Geographic Variation and Bias in the Polygenic Scores of Complex Diseases and Traits in Finland

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Kerminen , S , Martin , A R , Koskela , J , Ruotsalainen , S E , Havulinna , A S , Surakka , I , Palotie , A , Perola , M , Salomaa , V , Daly , M J , Ripatti , S & Pirinen , M 2019 , ' Geographic Variation and Bias in the Polygenic Scores of Complex Diseases and Traits in Finland ' , American Journal of Human Genetics , vol. 104 , no. 6 , pp. 1169-1181 .

Title: Geographic Variation and Bias in the Polygenic Scores of Complex Diseases and Traits in Finland
Author: Kerminen, Sini; Martin, Alicia R.; Koskela, Jukka; Ruotsalainen, Sanni E.; Havulinna, Aki S.; Surakka, Ida; Palotie, Aarno; Perola, Markus; Salomaa, Veikko; Daly, Mark J.; Ripatti, Samuli; Pirinen, Matti
Contributor organization: Institute for Molecular Medicine Finland
Helsinki Institute of Life Science HiLIFE
Samuli Olli Ripatti / Principal Investigator
Centre of Excellence in Complex Disease Genetics
Aarno Palotie / Principal Investigator
Department of Public Health
Biostatistics Helsinki
Helsinki Institute for Information Technology
Department of Mathematics and Statistics
Complex Disease Genetics
Genomics of Neurological and Neuropsychiatric Disorders
Statistical and population genetics
Date: 2019-06-06
Language: eng
Number of pages: 13
Belongs to series: American Journal of Human Genetics
ISSN: 0002-9297
Abstract: Polygenic scores (PSs) are becoming a useful tool to identify individuals with high genetic risk for complex diseases, and several projects are currently testing their utility for translational applications. It is also tempting to use PSs to assess whether genetic variation can explain a part of the geographic distribution of a phenotype. However, it is not well known how the population genetic properties of the training and target samples affect the geographic distribution of PSs. Here, we evaluate geographic differences, and related biases, of PSs in Finland in a geographically well-defined sample of 2,376 individuals from the National FINRISK study. First, we detect geographic differences in PSs for coronary artery disease (CAD), rheumatoid arthritis, schizophrenia, waist-hip ratio (WHR), body-mass index (BMI), and height, but not for Crohn disease or ulcerative colitis. Second, we use height as a model trait to thoroughly assess the possible population genetic biases in PSs and apply similar approaches to the other phenotypes. Most importantly, we detect suspiciously large accumulations of geographic differences for CAD, WHR, BMI, and height, suggesting bias arising from the population's genetic structure rather than from a direct genotype-phenotype association. This work demonstrates how sensitive the geographic patterns of current PSs are for small biases even within relatively homogeneous populations and provides simple tools to identify such biases. A thorough understanding of the effects of population genetic structure on PSs is essential for translational applications of PSs.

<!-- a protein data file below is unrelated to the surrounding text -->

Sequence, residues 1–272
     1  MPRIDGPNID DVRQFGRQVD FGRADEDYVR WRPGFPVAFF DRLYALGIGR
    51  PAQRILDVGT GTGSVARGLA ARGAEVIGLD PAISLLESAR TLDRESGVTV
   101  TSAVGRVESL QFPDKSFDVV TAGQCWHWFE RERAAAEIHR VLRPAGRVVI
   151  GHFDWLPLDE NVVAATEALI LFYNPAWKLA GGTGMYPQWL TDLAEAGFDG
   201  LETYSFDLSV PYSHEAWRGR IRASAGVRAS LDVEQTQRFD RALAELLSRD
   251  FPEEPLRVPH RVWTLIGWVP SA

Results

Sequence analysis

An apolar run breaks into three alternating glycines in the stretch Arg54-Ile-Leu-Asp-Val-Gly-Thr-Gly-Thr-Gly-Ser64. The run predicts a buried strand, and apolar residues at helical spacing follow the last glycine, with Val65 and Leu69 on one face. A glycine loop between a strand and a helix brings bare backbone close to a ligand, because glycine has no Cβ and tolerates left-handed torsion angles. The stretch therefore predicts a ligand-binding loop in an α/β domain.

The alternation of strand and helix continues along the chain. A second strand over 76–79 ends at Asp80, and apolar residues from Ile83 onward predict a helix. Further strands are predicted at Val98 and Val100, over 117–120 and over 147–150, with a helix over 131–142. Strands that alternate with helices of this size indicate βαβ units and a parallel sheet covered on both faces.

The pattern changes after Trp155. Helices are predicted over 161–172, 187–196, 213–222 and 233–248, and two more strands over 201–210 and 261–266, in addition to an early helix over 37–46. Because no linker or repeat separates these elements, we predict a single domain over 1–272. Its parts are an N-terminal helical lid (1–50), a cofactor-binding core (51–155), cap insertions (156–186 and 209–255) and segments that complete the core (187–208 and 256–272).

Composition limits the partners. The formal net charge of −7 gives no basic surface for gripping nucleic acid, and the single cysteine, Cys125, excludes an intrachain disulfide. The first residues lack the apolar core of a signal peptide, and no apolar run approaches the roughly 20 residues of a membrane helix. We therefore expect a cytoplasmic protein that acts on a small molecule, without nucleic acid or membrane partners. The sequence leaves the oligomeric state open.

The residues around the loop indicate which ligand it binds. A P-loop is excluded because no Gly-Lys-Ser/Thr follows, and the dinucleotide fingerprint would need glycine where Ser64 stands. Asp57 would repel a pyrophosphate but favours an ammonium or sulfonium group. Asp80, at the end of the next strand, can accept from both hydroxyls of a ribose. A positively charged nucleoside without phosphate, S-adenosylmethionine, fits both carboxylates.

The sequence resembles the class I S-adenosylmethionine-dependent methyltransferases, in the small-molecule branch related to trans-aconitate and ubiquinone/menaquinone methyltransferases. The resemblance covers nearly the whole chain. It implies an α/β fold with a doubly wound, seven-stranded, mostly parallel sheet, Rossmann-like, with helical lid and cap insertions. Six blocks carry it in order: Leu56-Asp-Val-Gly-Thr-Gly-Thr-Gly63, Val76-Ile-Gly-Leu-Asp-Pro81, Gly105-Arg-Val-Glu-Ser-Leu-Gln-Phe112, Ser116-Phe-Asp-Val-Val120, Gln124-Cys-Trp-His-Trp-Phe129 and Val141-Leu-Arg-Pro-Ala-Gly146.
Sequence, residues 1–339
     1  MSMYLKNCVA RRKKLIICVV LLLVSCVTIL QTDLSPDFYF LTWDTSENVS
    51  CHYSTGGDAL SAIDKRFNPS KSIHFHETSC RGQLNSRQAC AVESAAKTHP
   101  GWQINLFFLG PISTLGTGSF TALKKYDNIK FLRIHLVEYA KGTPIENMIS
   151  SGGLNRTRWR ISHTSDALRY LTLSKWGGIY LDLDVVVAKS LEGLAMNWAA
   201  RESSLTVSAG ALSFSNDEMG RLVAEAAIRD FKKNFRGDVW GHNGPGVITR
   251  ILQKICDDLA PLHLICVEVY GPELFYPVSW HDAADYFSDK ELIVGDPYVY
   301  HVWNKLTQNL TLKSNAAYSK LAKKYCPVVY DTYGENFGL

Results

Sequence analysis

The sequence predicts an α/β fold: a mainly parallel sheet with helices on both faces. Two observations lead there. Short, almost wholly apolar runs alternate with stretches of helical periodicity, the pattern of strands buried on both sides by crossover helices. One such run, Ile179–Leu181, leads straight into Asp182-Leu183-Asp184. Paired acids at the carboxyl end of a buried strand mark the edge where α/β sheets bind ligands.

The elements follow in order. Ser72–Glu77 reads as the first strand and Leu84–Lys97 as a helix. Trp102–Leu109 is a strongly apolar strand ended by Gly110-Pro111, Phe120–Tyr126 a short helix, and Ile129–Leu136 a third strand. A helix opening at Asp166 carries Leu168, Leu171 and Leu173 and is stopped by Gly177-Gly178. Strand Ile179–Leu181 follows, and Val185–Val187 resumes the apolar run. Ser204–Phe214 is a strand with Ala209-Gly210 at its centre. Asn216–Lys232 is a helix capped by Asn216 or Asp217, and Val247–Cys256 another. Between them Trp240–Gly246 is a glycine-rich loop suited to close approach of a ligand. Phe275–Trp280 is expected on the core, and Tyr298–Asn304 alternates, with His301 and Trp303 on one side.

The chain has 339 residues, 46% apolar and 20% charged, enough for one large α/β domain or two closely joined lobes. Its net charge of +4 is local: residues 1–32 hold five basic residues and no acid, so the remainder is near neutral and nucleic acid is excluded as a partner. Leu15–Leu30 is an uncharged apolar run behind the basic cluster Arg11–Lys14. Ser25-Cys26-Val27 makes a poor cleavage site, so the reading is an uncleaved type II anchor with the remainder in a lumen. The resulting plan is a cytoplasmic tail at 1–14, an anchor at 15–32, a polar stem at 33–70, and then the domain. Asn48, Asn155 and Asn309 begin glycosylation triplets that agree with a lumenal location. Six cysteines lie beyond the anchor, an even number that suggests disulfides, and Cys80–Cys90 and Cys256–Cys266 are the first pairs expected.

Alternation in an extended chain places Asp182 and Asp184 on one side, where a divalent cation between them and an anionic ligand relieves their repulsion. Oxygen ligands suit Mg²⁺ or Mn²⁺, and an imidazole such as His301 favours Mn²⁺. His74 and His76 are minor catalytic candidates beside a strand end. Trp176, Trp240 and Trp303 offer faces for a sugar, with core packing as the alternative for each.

1184 Genetics, developmental biology, physiology
3124 Neurology and psychiatry
Peer reviewed: Yes
Usage restriction: openAccess
Self-archived version: draft

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